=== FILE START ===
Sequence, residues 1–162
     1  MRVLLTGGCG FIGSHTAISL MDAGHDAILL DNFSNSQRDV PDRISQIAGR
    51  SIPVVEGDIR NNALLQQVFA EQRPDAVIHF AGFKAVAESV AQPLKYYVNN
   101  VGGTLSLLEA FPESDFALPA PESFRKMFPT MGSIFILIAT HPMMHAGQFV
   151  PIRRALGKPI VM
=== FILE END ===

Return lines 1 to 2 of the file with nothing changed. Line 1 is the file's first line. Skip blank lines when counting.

Sequence, residues 1–162
     1  MRVLLTGGCG FIGSHTAISL MDAGHDAILL DNFSNSQRDV PDRISQIAGR